In 2016 the owners of Scenario Architecture, Maya and Ran, were looking to convert and extend a Victorian terraced house in Stoke Newington for their own family. They opted for a Tate floor, in the neutral colour Bute in an eye-catching herringbone pattern. The rough sawn effect, which is a distinctive feature of this range, offers a visual aspect that is specifically appealing to the architectural eye. In this project the textured herringbone battens are used in such a creative way, it made us sit up and take note.
A major challenge of the conversion was physically and visually connecting the main level to the lower ground level. An open plan lay-out where one distinctive area continues into the next was the solution. The chosen herringbone floor plays an important role in achieving a natural flow between the different areas and levels. The dynamic herringbone pattern in the lounge is carried over two wide steps going across the width of the room and leads the eye to the stairs going down to the newly extended kitchen and dining area.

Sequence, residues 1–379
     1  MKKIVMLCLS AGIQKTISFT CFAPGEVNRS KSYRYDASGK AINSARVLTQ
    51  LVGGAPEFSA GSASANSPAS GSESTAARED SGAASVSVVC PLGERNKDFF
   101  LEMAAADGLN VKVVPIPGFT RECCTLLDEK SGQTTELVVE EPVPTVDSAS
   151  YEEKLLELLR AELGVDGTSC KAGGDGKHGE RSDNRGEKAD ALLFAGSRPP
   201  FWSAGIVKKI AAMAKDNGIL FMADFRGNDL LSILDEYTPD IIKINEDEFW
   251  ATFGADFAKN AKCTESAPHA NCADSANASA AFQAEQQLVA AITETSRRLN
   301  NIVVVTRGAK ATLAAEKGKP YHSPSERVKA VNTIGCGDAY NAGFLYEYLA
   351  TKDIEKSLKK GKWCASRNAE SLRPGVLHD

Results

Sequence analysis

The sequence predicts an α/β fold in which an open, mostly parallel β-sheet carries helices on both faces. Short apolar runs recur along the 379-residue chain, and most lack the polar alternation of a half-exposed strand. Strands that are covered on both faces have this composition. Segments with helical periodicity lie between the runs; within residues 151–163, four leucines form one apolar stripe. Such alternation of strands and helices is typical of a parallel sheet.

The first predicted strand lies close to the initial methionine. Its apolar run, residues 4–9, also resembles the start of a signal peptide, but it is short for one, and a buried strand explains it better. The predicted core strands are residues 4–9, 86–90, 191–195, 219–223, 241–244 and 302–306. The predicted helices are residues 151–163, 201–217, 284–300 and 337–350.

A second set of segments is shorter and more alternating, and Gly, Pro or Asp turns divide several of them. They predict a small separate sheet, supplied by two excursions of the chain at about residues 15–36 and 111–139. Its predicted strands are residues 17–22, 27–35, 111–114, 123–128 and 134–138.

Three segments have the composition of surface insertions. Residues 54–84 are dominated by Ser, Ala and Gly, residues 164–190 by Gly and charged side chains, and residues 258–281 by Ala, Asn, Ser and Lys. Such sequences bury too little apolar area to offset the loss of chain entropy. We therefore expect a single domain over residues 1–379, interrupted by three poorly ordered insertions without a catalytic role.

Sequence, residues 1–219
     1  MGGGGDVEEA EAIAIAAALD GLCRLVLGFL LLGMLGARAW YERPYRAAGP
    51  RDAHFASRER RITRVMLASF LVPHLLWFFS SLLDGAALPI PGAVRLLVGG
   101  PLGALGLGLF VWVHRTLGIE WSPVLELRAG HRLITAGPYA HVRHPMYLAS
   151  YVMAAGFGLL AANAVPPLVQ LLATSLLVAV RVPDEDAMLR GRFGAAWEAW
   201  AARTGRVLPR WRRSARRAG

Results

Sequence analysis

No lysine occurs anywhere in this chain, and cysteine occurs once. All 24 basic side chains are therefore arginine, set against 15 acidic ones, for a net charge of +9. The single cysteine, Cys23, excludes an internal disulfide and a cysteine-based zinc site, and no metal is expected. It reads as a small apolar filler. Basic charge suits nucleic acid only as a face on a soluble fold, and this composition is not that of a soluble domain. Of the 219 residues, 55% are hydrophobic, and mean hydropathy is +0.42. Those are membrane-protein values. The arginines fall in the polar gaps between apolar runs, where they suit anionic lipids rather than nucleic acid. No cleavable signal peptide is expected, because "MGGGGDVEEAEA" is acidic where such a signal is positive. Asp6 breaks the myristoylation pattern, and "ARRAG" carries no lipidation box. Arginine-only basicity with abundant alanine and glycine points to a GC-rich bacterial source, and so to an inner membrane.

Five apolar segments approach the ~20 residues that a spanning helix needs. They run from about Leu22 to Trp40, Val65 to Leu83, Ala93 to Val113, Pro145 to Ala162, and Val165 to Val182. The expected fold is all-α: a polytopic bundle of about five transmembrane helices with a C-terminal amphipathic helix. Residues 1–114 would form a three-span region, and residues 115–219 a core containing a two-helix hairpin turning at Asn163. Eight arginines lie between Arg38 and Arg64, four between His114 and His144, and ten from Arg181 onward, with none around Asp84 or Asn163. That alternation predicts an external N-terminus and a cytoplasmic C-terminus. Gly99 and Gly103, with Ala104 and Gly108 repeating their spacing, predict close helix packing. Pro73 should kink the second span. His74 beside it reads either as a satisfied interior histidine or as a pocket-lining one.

Steps using herringbone battens
Here the herringbone battens are not only used on the tread, but also on the riser, transforming the simple steps into an interesting, dynamic feature connecting the different levels.
Tate Bute flooring
Overall, the scheme is pared back, almost minimal, which allows the warmth and texture of the parquet floor and the bare brick wall to do the talking.
“Tate Bute is probably our favourite finish ever, as it gives a subtle, warm and sustainable feeling of natural well aged wood. If oak is left to weather naturally in optimal conditions, the resulting feel and look will be similar to Tate Bute”, says Ran.
Thanks to the texture, these floors are extremely forgiving of normal wear and tear. In fact, it is a floor that we highly recommend for commercial projects too: The Conran Shop, Habitat, Ottolenghi and various other shops and restaurants, all feature floors from this collection.
Fast forward a few years in the busy family home of Maya and Ran and they have found just that: “the floor still looks absolutely great and very similar to when it was just installed”.
Read more on The Scenario Househere.
Design: Scenario Architecture
Photography: Matt Clayton